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When Myrna Cunningham smiles, the whole world lights up—shining her compassion, insight, and expertise into the dark corners where human rights’ abuses are often hidden or buried. For the past five decades, she has dedicated her life to the world of human rights. Among her many roles, Myrna works as a consultant to Tamalpais Trust, which was created in 2012 as a 20-year grantmaking initiative to benefit indigenous-led organizations.
Rooted in her Miskito culture and land-base which spans the Atlantic-Caribbean coast of Nicaragua and Honduras, Myrna’s journey began with an academic scholarship to a Catholic school along with two other “disadvantaged” girls. “There was nothing else to do but study,” she says, “and the nuns gave me special attention.” Ever since, she has been studying and giving special attention to the fields of education and international human rights.
Myrna first became a grade school teacher, then the first Miskita woman doctor in Nicaragua. Her everyday humility belies a demanding career in which she holds several high-level public positions at once. In her home city of Porto Cabezas, nearly every person she meets on the street greets her with a warm hug and family news. More often than not she will acknowledge that she birthed this person or their daughter or son. She has six children of her own and many grandchildren at home now too.
As the current chair of the Association for Women’s Rights in Development (AWID) and an international negotiator-representative for many different organizations, she is not home very often these days. Myrna is a traveling global activist defending and advocating for human rights of all kinds: Indigenous rights, workers’ rights, land rights, LGBT, disability, gender equity, inter-cultural, local, and international. She shows up all over the world looking fresh and serene, dressed beautifully in a rainbow of colors. She smiles and laughs a lot, tirelessly facilitating and participating in human rights meetings. You’ll find her some days in glass, urban towers of power; others in rural village plazas or walking migratory trails of pastoralists moving with their camels toward water.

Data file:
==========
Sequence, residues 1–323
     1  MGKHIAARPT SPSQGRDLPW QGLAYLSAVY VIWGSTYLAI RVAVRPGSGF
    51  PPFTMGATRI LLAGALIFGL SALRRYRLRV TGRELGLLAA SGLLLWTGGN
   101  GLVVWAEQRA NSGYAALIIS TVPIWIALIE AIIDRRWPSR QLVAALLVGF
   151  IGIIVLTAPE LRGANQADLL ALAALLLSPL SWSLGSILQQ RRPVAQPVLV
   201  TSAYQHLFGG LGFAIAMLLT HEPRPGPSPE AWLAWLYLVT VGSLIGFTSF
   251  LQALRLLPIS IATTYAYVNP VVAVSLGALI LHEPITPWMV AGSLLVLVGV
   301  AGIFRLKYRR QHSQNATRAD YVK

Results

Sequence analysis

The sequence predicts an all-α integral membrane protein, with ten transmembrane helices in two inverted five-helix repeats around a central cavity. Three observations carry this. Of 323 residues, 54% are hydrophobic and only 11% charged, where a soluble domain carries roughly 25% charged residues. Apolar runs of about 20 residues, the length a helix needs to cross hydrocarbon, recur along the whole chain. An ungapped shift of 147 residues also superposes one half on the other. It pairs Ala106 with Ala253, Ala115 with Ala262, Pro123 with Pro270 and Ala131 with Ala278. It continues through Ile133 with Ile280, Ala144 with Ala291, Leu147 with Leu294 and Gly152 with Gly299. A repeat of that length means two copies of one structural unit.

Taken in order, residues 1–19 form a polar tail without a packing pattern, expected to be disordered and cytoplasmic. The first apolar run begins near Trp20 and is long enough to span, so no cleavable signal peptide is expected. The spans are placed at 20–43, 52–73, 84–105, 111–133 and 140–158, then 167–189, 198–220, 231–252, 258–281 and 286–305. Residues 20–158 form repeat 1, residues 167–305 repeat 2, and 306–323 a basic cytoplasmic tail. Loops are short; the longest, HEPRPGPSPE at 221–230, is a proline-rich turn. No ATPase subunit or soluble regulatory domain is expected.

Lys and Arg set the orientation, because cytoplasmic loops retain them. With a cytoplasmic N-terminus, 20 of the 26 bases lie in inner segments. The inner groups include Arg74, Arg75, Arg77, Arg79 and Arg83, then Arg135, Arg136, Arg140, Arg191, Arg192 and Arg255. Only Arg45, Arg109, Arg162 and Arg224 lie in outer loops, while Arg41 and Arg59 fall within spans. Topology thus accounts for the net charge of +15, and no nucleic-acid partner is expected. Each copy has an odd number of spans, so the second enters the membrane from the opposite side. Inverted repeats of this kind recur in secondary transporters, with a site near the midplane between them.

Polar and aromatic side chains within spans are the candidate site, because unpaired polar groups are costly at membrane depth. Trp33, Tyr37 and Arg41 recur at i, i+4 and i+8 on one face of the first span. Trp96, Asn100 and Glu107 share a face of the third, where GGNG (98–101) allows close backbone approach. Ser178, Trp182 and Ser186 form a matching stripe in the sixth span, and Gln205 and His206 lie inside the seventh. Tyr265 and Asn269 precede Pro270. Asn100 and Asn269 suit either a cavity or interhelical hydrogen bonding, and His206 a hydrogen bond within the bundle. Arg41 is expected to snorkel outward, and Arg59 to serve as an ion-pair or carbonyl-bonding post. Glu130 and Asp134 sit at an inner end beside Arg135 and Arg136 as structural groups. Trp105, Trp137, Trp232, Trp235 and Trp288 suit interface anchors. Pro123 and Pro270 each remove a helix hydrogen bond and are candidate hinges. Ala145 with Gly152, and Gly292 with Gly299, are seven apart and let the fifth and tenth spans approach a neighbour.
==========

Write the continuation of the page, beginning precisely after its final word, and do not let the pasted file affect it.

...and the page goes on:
One of her greatest strengths is patience—the quality that allows her to painstakingly guide the writing (and endless rewriting) of human rights policy documents, vision statements, and peace agreements. One of her proudest moments came when she filed and won her own human rights lawsuit against the U.S. Government during the Contra-Sandanist civil war in Nicaragua. Her victory resulted in the expansion of human rights law to include rape when it is being used as a weapon of war. She was represented by attorney William Kunstler of the Center for Constitutional Rights.
Myrna’s knowledge has proven invaluable in our work to build the capacity of Indigenous-led organizations. The Trust’s approach to grantmaking—human rights as the unifying value system of caring for the world in its wholeness (just as Myrna does)—is the heartline of our vision and mission. We strive for our grants to be congruent with the needs and priorities set forth by Indigenous people themselves.
We value our partners at RSF Social Finance, where the grants are awarded through a donor-advised fund. Their grants management expertise and administrative due diligence make it possible for us to be a global funder: our grant awards reach Indigenous Peoples in a total of 29 countries. The impact we are having is part of a highly energized synergy of Indigenous movements: human rights, land rights, language and culture, food sovereignty and agroecology, climate mitigation, gender empowerment and saving sacred sites. We work in collaboration with several other funders—especially The Christensen Fund, The Swift Foundation, and NoVo Foundation. Plus, we find it effective to be active members in philanthropic affinity groups: the Consultative Group on Biodiversity, EDGE Funders Alliance, and theInternational Funders of Indigenous Peoples.
The greatest joy of our work at Tamalpais Trust is seeing and being in relationship with Indigenous Peoples themselves, as they are emerging as the decision-makers in philanthropy. A new four-year grantmaking initiative, “The Indigenous Ways of Knowing and Learning,” was created and nested at RSF in 2014 under the direction of Indigenous leaders from nine countries. It’s a learning partnership—soliciting, reviewing, and recommending grants to Indigenous-led organizations around the world. They have just completed their first round of grantmaking, and we are hoping to share their learnings with the wider field of philanthropy very soon.
This post originally appeared on Exponent Philanthropy's blog, PhilanthroFiles. It is the second in a series curated by the International Human Rights Funders Group (IHRFG), a global network of donors and grantmakers committed to advancing human rights around the world. The series will explore the ins and outs of supporting human rights as a funder with few or no staff. Read the first post in the series here.